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Beck:: Guero (Album Review)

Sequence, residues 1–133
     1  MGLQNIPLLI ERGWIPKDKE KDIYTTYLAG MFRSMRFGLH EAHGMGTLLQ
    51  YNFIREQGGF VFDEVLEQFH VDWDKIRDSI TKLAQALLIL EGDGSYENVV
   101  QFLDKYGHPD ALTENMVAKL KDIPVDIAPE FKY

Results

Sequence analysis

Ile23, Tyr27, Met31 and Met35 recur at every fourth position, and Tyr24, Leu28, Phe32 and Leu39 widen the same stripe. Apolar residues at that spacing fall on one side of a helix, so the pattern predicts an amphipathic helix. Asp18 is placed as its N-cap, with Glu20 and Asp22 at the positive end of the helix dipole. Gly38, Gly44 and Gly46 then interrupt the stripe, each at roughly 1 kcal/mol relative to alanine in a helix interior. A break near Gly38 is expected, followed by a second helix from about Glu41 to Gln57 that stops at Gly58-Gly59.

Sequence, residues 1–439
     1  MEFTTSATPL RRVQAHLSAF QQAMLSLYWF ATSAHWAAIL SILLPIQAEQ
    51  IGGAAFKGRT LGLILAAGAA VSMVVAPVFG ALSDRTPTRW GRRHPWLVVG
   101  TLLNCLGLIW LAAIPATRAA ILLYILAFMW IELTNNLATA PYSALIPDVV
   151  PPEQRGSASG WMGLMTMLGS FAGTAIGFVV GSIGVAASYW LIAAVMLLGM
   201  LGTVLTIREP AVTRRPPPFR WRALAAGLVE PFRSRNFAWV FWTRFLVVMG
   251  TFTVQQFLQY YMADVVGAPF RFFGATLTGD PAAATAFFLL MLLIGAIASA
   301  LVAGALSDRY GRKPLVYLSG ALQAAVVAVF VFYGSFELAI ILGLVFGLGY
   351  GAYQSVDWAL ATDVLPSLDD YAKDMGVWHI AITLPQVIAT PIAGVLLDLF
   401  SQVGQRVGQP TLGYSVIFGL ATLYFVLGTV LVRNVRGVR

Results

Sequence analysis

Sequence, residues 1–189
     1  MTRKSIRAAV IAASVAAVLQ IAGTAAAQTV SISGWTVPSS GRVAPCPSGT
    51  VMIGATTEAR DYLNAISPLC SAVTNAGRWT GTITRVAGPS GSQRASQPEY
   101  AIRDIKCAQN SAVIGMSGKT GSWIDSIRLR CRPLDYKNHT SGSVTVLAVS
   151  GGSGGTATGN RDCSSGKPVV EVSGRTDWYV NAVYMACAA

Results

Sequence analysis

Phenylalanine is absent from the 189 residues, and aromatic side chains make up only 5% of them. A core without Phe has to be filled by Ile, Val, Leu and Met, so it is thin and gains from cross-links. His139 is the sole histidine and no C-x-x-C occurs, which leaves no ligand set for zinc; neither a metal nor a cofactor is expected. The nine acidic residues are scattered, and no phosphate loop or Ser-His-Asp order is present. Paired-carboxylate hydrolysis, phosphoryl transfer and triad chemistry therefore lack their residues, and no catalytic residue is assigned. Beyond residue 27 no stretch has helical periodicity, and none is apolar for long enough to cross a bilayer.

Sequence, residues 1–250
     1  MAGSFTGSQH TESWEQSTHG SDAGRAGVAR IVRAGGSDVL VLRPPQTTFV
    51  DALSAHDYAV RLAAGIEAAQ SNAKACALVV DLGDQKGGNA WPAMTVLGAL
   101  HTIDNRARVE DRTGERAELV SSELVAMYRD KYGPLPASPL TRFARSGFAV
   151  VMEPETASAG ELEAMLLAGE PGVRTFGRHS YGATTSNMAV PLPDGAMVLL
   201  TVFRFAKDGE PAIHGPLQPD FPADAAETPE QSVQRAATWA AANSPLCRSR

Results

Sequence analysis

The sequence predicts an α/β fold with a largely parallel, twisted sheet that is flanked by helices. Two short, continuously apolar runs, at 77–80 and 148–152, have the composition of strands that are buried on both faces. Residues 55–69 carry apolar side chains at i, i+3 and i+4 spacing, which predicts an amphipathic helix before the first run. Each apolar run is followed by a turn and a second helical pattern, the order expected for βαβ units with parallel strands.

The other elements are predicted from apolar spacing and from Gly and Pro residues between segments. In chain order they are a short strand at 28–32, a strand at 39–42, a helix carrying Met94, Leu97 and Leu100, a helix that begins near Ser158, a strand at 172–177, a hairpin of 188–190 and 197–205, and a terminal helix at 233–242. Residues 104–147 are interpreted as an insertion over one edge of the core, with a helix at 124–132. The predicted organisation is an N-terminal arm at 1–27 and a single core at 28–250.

You’d think that, 12 years into his famously chameleon-like career, Beck Hansen would have proved his commitment to experimentation. After deftly and audaciously mixing delta blues with hip hop, psychedelic pop with back-porch country and folk on the MTV-busting “Mellow Gold” and “Odelay”, he shifted his focus to songwriting of a Beatles-like classicism for the sweet “Mutations” in 1998. A year later (with the Technicolor “Midnite Vultures”), Beck was cutting Princely funk with Brazilian tropicalia, but made another radical switch with 2002’s “Sea Change”, an extraordinarily forlorn batch of Nick Drake-styled folk songs reflecting his state of mind after the break-up of a long-term relationship. No mere dilettante, however diligent, could possibly sustain a career for that long, yet the accusation of dabbling is that most frequently levelled at Beck. By now, it should be plain enough – the dude just digs diversity. With “Guero” (it’s Latino slang for ‘white guy’), broadly speaking Beck returns to the pick ‘n’ mix territory of “Odelay” and has again engaged the Dust Brothers as producers. Guests, collaborators and (carefully credited) samples abound, not least of all of the Beastie Boys – whose “So What’cha Want” is the hook on which guitar-crunching opener “E-Pro” hangs – and Jack White, who both co-wrote and played bass on “Go It Alone”. Depth and subtle texture are provided by everything from clavinets to handclaps and bird calls and, every step of its way, “Guero” swings, rolls, struts and shuffles with Beck’s trademark understated cool. The Dust Brothers are surely responsible for the album’s cohesiveness and focus – it sounds like it could have been recorded nowhere else but LA and such specificity works strongly in its favour. It’s more than the mimicking of mariachi brass by parping car horns and the Latino street banter that enliven perky, hip hop centrepiece “Qué Onda Guero”, however. The city’s physical vigour and sprawling diversity are there in the insufferably smoggy heat evoked by “Earthquake Weather” and in the glossy, Steely Dan-toned fusion it briefly references. He may roam through slouchy, downbeat country (“Scarecrow”), spare-picked, twanging blues (“Farewell Ride”) and flirt with bossa and Bollywood strings (the gorgeous “Missing”), but Beck’s a city boy at heart and LA is his filter. “Guero” proves that the old, post-modern magic still works. (review by: Jason Evans)